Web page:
My love for decay doesn’t restrict itself to nature in autumn.  It’s also present in architecture.  I love ruins of ancient buildings, whether it is cathedrals, old military forts or abandoned factories.  They all breathe a mythical atmosphere of historic events and activities which we can’t grab anymore.  The same basically goes for ‘Cathedral’, another great song of decay and desolation but without words.  ‘Limestone’ closes the album by returning most of the elements of the previous tracks and combining them into a massive piece of drone-ambient.  Here too the subtle variations make the whole thing grow and fade.

This album will be played a lot in the next few months, probably in playlists where Biosphere, O Yuki Conjugate and Steve Roach also appear.  It will also be played through my headphones, when I enjoy a lonely walk through the woods at night.  I suggest you do the same.  We all need to go out and enjoy nature while we’re listening to something better than passing cars, planes and the noise of drunken teenagers.  If we’d do that, the world would be a much better place…” – Merchants Of Air

“London’s Wil Bolton has spent a wealth of time and care finishing off his new album, ‘Inscriptions’. Initially beginning with simple loops lifted from the quietest sections of charity shop records, Bolton delicately shifted and stretched the cracked sounds of piano, strings and harps into an altogether new series of sounds. Layer by layer, he processed the loops and added his own flair and orchestrations, incorporating new guitar chords, piano keys, and flourishes of synths. In the autumn of 2013, the tracks were finally mixed and ready to shine, and now, come September 14th, ‘Inscriptions’ will be available for all to hear.

Although only five tracks long, ‘Inscriptions’ is an incredibly expansive release. Each song lingers well past six minutes in length and spread far beyond the known limits of the instruments. Inspired by the melancholy romance of autumn, there are moments of dawning beauty in the opening, titular track that echo with the feelings of brisk mornings surrounded by falling leaves. It’s the organic feel of ‘Inscriptions’ that is initially so striking. As songs transition, the warmth and soul within stays relatively constant, and through sounds might ebb and flow, the intrigue is rarely lost.

The combination of vintage, static filled sounds with pristine, modern melodies makes for a pleasing contrast, particularly in ‘Seep’. The evolution from charity shop records to contemporary ambiance is an impressive feat, as well as a commendable form of art, but sadly its reach only extends so far, and as the songs linger, the intrigue slowly begins to fade. The initial melodic droning that accompanies songs such as ‘Cathedral’ carry far longer than necessary, and as the tracks encroach passed eight minutes, their consistency of sounds errs far too close banality.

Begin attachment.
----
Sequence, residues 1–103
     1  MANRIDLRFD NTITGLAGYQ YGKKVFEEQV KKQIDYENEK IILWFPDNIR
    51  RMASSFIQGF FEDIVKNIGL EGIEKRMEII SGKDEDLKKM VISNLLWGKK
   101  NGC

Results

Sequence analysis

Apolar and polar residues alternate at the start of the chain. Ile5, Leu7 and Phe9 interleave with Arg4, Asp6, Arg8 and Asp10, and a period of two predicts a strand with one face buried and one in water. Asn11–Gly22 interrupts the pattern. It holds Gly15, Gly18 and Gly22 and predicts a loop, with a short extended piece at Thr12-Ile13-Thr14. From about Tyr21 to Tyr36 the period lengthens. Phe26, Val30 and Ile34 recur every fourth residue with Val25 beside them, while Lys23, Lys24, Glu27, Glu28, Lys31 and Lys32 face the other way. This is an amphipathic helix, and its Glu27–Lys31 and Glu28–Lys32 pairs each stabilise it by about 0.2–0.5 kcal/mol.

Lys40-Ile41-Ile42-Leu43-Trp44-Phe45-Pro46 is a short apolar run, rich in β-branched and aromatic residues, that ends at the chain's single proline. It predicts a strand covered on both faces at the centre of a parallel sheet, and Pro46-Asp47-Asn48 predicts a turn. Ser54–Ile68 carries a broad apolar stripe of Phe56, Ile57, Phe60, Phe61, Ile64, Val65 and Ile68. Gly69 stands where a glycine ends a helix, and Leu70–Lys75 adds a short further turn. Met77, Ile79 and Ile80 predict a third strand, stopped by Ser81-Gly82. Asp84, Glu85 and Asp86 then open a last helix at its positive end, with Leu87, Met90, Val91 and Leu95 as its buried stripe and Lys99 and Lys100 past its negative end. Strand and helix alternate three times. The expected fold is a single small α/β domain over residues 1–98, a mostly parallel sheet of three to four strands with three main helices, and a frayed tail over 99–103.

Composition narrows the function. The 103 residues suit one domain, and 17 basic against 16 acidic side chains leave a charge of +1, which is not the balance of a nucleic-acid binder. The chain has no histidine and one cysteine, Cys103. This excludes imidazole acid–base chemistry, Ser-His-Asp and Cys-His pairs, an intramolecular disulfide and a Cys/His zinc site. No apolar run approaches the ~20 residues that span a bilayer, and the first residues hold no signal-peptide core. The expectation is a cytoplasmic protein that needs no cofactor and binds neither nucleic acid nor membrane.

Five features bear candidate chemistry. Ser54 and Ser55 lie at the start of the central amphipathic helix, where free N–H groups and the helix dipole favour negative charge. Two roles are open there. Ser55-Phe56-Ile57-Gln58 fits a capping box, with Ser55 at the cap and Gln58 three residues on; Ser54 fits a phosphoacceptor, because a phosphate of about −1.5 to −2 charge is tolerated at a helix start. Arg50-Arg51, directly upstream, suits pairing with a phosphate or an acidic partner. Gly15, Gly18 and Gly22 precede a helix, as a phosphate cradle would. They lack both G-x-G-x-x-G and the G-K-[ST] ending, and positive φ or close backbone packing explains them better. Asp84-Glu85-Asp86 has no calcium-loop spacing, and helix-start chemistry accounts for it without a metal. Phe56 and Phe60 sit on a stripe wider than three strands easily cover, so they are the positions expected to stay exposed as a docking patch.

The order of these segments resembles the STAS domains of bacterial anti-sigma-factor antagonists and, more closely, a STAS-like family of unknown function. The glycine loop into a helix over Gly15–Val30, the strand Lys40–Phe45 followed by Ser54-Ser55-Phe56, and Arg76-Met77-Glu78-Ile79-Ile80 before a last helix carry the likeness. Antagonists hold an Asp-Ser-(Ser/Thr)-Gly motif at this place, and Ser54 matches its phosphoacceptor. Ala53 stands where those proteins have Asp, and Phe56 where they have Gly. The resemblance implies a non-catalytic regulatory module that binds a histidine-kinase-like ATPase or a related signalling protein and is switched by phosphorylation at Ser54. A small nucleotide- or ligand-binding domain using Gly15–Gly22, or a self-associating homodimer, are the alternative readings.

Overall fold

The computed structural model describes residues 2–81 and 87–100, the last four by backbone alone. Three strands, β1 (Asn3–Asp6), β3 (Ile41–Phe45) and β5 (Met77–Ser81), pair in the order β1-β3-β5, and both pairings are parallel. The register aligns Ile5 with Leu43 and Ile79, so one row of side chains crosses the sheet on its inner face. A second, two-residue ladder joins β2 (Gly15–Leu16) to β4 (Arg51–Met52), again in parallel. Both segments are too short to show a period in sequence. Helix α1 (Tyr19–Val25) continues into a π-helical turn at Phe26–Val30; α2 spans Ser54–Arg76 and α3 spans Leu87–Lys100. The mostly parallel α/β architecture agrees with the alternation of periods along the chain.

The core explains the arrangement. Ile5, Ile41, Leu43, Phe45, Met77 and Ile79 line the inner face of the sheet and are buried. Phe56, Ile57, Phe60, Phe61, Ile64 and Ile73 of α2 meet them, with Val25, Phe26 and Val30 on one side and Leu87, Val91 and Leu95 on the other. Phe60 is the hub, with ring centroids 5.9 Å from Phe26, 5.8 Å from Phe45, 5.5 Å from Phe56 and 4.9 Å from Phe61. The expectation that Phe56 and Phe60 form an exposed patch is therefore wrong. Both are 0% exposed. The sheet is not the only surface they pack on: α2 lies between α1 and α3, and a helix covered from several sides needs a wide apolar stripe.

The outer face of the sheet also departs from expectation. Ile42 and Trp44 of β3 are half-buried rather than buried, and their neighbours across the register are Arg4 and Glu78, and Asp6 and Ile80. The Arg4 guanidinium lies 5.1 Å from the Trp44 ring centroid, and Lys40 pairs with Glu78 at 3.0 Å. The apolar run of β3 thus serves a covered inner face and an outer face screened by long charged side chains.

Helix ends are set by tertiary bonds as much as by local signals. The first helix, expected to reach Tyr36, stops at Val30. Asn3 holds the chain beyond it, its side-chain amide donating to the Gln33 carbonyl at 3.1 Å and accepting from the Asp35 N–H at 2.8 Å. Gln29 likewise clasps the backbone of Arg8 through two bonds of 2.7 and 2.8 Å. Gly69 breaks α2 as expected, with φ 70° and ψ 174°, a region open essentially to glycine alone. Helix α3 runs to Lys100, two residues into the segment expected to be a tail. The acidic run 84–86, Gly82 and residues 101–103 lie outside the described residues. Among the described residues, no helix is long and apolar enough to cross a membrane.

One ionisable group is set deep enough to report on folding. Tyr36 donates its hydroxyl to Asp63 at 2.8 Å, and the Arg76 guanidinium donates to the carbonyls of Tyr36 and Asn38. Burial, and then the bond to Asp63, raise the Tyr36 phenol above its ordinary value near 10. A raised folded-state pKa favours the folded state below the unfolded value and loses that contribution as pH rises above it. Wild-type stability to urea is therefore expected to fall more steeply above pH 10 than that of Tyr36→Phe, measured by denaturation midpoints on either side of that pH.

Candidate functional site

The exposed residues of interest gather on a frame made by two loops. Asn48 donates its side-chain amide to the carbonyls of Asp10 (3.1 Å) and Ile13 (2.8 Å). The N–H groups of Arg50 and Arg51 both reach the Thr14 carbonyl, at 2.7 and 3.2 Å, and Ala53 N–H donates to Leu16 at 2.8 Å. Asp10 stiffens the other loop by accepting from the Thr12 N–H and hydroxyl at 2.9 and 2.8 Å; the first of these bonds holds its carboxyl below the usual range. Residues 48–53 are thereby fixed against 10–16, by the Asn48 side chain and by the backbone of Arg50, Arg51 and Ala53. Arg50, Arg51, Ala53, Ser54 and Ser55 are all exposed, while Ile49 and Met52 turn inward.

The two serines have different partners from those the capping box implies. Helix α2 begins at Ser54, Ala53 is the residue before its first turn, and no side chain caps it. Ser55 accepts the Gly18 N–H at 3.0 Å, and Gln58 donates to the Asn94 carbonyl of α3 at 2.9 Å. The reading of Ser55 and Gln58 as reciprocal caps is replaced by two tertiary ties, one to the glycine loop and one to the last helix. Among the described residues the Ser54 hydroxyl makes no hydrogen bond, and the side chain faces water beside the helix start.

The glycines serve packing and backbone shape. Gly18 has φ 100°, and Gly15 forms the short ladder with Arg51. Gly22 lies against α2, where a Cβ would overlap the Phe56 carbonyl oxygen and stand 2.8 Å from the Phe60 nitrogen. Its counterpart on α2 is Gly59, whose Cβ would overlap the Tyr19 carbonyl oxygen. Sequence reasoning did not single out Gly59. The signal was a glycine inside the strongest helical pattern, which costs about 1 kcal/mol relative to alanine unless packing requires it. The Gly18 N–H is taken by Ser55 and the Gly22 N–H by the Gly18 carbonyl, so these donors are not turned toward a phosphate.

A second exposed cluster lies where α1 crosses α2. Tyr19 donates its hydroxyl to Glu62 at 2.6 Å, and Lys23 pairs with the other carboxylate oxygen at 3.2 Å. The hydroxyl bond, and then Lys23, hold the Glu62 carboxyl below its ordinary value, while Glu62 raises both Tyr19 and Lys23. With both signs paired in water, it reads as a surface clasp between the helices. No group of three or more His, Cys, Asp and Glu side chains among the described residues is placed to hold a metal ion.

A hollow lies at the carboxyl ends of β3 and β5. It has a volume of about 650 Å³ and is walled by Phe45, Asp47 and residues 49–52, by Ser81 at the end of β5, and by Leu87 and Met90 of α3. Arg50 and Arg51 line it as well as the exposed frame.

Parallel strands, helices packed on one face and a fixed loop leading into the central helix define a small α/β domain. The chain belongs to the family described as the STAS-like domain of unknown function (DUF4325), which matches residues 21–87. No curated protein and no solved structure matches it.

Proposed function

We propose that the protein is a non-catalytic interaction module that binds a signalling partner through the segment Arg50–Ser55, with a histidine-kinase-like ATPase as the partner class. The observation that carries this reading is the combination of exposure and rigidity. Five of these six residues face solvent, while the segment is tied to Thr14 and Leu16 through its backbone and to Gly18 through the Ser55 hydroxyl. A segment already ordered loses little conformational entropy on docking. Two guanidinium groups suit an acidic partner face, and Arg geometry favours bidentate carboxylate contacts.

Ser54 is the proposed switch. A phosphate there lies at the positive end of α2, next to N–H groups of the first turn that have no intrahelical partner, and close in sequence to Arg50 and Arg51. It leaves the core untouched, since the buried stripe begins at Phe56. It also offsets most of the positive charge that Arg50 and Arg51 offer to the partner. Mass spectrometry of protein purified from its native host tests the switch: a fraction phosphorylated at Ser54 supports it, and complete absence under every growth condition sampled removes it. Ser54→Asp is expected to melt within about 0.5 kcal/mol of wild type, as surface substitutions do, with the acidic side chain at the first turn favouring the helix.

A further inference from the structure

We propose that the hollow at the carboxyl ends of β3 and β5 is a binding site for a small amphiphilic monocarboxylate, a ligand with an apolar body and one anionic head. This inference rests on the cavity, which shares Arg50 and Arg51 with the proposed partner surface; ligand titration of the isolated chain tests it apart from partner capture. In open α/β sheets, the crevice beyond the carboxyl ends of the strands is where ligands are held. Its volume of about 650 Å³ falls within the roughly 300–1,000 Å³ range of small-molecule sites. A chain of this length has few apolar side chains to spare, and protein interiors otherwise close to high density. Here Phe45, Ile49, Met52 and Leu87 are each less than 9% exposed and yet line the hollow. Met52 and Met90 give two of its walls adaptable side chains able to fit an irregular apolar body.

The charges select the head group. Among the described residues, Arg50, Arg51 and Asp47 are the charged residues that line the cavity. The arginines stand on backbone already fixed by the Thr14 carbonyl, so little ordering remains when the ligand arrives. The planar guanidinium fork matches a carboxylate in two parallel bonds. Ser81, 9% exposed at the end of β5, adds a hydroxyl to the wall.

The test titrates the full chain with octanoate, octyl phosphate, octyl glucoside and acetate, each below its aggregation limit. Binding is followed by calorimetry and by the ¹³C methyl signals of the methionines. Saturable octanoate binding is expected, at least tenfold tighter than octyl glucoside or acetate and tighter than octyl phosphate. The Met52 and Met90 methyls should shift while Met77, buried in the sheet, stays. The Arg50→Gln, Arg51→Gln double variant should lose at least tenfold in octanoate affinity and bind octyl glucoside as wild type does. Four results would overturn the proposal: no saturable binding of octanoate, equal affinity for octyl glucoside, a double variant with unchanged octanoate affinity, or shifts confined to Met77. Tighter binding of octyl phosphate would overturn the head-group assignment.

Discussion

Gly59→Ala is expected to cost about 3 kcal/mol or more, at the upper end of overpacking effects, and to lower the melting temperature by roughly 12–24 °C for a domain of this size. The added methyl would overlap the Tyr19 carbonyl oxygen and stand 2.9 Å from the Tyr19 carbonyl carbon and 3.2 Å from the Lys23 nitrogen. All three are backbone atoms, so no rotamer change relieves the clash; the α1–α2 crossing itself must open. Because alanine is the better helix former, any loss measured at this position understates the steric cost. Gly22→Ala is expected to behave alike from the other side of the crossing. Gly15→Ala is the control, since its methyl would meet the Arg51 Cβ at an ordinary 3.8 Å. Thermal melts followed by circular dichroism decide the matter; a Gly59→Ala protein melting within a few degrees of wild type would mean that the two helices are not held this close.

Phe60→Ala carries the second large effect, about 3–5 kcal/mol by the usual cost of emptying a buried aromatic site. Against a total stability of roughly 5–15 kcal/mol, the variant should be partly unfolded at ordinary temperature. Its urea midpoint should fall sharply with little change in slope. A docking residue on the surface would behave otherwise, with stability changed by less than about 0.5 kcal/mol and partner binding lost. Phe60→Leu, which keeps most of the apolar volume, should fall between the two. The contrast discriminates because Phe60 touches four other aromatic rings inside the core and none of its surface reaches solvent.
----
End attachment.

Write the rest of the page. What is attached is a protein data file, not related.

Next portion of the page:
Impressive as the album might be, the balance between unfolding soundscapes and constant droning occasionally falls just too far from an entertaining equilibrium, and as the final track of ‘Limestone’ finally fades away, you can’t help but wonder what effect shorter, more numerous songs might hold.” – Anthem Review

“It’s the time of the year when the leaves begin changing color, the wind starts having an extra bite to it’s howls and the Sun is losing the battle of how long it can maintain itself in the sky. The season begins as a calming embrace from the scorching heat of the past three months before leading head on into the next cruel season. Wil Bolton is a drone musical artist out of the UK who dedicated his entire new LP, Inscriptions, to the Autumnal season.

Embedded in the warm synth sounds are actual recordings of the environment during the season. ‘Hedera’ is one track I could pick out the bird chirps more frequently among the peaceful static. When it came time for adding instruments to nature, Bolton used old instruments that had been buried in dust; having their own unique character and crackle to them. This tonal quality gives the piano more of an ominous presence, with each note having a lot of weight to ‘Hedera.’

‘Cathedral’ is a track featuring guitars and harps to take the moody tone into a more vibrant atmosphere. The song is again filled with warm analogue driven synths that help give the harps more presence, not becoming too much of a presence to drown everything out. ‘Seep’ is the same way, except being laced over with a consistent static that gives the environmental sounds more risk as they break through the barrier of music. It’s ethereal how everything sounds when it is layered together.